Masdar Wireless Businessman, Computer Scientist, Blogger

Data Visualization by UIUC on Coursera

Right after I made the decision to make a better living and apply for MS/PhD track outside China, I signed up for THE specialization on Coursera provided by UIUC. This is a 6-course specilization and it’s named Data Mining. First of the series is Data Visualization.

Course Description

Data Visualization is a course that teaches how to create visualizations that effectively communicate the meaning behind data to an observer through visual perception. We will learn how a computer displays information using computer graphics, and how the human perceives that information visually. We will also study the forms of data, including quantitative and non-quantitative data, and how they are properly mapped to the elements of a visualization to be perceived well by the observer. We will briefly overview some design elements for effective visualization, though we will not focus on the visual design needed to make attractive and artistic visualizations. This course does not require computer programming, but computer programming can be used to complete the exercises. The course will conclude with the integration of visualization into database and data-mining systems to provide support for decision making, and the effective construction of a visualization dashboard.

Course Goals and Objectives

Upon successful completion of this course, you will be able to:

  • Describe how 2-D and 3-D computer graphics are used to visualize data.

  • Describe how an observer perceives and processes information from a visual display.

  • Utilize a wide vocabulary of visualization methods and how best to apply them to different kinds of data.

  • Decide which design styles and colors work best for different visualization situations.

  • Visualize data when it is not numerical.

  • Use techniques for visualizing databases and data mining to help visually sort through massive datasets.

  • Analyze tasks and build visualization dashboards to provide data to support making a decision.

Course Outline

The course consists of 4 weekly modules that focus on the following.

Week 1: The Computer and the Human Key Concepts:

Introduction to visualization Using computer graphics to display data The model human processor and Fitts’s law Human visual perception and cognition

Week 2: Visualization of Numerical Data Key Concepts:

Different kinds of visualizations and how best to apply them to data Basic charts such as bar charts and scatter plots More advanced visualization techniques, such as streamgraphs and parallel coordinates Some elements of design and color usage Week 3: Visualization of Non-Numerical Data Key Concepts:

Graphs, networks, and hierarchies Layout of relational and hierarchical data, such as treemaps Methods for visualizing high-dimensional data, such as principal component analysis and multidimensional scaling Week 4: The Visualization Dashboard Key Concepts:

Visualizing large datasets Visualization of databases and data mining results Visual analytics for decision support Task analysis Visualization dashboards

Elements of This Course

The course is comprised of the following elements:

  • Lecture videos. In each module the concepts you need to know will be presented through a collection of short video lectures. You may stream these videos for playback within the browser by clicking on their titles or download the videos. You may also download the slides that go along with the videos.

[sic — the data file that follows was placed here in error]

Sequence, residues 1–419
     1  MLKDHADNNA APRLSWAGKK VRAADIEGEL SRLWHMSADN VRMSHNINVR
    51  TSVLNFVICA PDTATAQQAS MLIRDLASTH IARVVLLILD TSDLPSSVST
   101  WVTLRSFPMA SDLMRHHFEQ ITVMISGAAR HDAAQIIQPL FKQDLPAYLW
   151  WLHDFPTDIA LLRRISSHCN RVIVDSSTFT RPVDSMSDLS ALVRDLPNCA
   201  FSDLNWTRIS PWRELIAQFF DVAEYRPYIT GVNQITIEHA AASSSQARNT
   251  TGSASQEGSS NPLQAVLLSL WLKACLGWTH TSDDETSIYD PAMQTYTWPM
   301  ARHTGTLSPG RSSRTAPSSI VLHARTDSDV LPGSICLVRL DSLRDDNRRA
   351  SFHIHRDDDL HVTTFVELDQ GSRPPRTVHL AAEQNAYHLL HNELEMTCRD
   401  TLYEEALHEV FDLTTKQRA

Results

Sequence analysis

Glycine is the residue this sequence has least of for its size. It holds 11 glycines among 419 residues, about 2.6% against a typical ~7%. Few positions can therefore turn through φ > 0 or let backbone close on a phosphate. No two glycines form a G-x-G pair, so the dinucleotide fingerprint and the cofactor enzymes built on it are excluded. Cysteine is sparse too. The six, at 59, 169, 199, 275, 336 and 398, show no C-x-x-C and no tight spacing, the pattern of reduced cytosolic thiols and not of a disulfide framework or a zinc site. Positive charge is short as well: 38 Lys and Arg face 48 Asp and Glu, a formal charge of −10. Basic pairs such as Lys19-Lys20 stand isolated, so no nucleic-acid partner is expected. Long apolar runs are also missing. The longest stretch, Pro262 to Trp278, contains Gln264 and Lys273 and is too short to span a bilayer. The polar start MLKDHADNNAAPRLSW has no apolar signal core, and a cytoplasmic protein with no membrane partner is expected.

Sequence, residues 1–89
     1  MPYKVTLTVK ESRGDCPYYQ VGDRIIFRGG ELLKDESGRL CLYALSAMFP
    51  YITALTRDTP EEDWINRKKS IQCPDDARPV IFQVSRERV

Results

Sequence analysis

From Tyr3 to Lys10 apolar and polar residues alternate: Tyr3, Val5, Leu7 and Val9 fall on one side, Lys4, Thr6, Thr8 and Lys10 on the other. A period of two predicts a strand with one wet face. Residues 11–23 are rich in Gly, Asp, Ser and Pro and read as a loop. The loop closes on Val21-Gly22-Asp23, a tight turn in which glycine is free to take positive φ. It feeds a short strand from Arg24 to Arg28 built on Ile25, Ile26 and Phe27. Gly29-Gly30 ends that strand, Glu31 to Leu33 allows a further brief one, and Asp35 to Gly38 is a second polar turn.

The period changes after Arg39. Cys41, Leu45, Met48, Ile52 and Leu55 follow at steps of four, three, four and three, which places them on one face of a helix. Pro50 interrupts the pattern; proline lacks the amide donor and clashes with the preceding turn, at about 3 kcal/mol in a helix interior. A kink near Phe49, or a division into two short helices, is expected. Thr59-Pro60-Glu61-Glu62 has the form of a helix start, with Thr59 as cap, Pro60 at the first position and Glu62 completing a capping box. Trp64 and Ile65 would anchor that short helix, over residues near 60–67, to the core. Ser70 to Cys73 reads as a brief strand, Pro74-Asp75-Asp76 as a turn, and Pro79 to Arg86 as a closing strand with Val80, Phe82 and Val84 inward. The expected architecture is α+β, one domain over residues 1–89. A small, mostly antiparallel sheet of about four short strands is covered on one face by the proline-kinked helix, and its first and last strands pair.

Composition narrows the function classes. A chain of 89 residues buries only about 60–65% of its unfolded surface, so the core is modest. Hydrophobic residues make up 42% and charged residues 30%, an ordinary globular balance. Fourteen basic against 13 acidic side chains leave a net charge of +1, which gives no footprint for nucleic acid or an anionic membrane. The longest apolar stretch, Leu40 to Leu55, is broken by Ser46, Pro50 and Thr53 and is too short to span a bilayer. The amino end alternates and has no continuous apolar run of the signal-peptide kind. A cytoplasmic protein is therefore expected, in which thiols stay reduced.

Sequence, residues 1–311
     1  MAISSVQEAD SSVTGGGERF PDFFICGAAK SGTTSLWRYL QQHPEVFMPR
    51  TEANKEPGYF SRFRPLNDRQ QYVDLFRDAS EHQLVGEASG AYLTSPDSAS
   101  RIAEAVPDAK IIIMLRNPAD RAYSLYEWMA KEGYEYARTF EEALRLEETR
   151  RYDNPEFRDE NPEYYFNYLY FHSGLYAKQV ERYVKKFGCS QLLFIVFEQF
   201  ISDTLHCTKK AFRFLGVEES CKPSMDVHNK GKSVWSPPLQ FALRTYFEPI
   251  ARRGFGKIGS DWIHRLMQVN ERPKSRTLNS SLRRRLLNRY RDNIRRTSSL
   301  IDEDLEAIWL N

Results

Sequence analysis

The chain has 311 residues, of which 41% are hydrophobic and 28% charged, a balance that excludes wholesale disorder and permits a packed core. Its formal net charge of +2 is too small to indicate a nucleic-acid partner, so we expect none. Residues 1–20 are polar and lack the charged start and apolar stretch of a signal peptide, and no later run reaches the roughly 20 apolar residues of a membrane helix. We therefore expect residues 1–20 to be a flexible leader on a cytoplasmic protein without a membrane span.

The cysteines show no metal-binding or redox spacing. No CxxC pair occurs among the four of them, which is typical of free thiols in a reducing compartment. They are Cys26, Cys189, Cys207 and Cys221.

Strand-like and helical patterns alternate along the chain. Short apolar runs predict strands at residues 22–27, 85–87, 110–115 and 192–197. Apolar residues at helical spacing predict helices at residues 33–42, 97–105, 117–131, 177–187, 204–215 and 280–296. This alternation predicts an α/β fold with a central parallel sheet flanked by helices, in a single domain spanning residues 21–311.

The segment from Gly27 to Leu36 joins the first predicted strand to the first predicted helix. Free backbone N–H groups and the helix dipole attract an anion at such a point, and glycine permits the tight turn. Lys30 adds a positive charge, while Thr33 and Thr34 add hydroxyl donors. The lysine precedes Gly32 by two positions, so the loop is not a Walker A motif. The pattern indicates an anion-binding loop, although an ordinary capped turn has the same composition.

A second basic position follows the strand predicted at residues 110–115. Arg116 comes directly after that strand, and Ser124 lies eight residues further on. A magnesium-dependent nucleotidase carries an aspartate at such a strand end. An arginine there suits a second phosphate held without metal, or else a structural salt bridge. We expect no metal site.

• Quizzes. Week 1 and Week 4 will include a for-credit quiz. You will be allowed 3 attempts at the quiz per every 8 hours. Each attempt may present a different selection of questions to you. Your best score will be used when calculating your final score in the class. There is no time limit on how long you take to complete each attempt at the quiz.

  • Programming assignments. There are two required programming assignments for the class. The first programming assignment is to create a visualization of numerical data, and the second programming assignment is to create a visualization of non-numerical data (e.g., a network or a hierarchy). For each assignment, sample data will be provided, but you are encouraged to find your own data. Your goal will be to present that data in a visualization that helps the observer to better understand what the data represents. The programming assignments will be peer graded based on rubrics that measure how well the course’s methods have been applied to the visualization of the data.

Week 1

Tips for Success

To do well this week, I recommend that you do the following:

Review the video lectures a number of times to gain a solid understanding of the key questions and concepts introduced this week. When possible, provide tips and suggestions to your peers in this class. As a learning community, we can help each other learn and grow. One way of doing this is by helping to address the questions that your peers pose. By engaging with each other, we鈥檒l all learn better. It鈥檚 always a good idea to refer to the video lectures and chapter readings we’ve read during this week and reference them in your responses. When appropriate, critique the information presented. Take notes while you read the materials and watch the lectures for this week. By taking notes, you are interacting with the material and will find that it is easier to remember and to understand. With your notes, you鈥檒l also find that it鈥檚 easier to complete your assignments. So, go ahead, do yourself a favor; take some notes!


  • Model human processor *

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